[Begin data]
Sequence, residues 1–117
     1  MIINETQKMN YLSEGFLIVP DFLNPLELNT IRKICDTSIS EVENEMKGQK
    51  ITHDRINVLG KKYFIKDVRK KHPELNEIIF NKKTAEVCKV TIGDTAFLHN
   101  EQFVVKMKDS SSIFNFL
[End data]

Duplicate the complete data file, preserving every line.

Sequence, residues 1–117
     1  MIINETQKMN YLSEGFLIVP DFLNPLELNT IRKICDTSIS EVENEMKGQK
    51  ITHDRINVLG KKYFIKDVRK KHPELNEIIF NKKTAEVCKV TIGDTAFLHN
   101  EQFVVKMKDS SSIFNFL